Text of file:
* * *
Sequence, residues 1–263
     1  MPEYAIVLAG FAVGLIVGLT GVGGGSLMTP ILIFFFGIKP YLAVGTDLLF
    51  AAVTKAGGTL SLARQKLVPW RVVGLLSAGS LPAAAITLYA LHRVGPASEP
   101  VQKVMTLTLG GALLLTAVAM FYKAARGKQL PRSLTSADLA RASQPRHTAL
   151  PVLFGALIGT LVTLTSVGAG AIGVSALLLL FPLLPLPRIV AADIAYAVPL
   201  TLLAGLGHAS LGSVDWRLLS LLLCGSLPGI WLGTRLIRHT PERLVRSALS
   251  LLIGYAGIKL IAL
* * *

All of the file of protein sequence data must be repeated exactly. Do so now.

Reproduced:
Sequence, residues 1–263
     1  MPEYAIVLAG FAVGLIVGLT GVGGGSLMTP ILIFFFGIKP YLAVGTDLLF
    51  AAVTKAGGTL SLARQKLVPW RVVGLLSAGS LPAAAITLYA LHRVGPASEP
   101  VQKVMTLTLG GALLLTAVAM FYKAARGKQL PRSLTSADLA RASQPRHTAL
   151  PVLFGALIGT LVTLTSVGAG AIGVSALLLL FPLLPLPRIV AADIAYAVPL
   201  TLLAGLGHAS LGSVDWRLLS LLLCGSLPGI WLGTRLIRHT PERLVRSALS
   251  LLIGYAGIKL IAL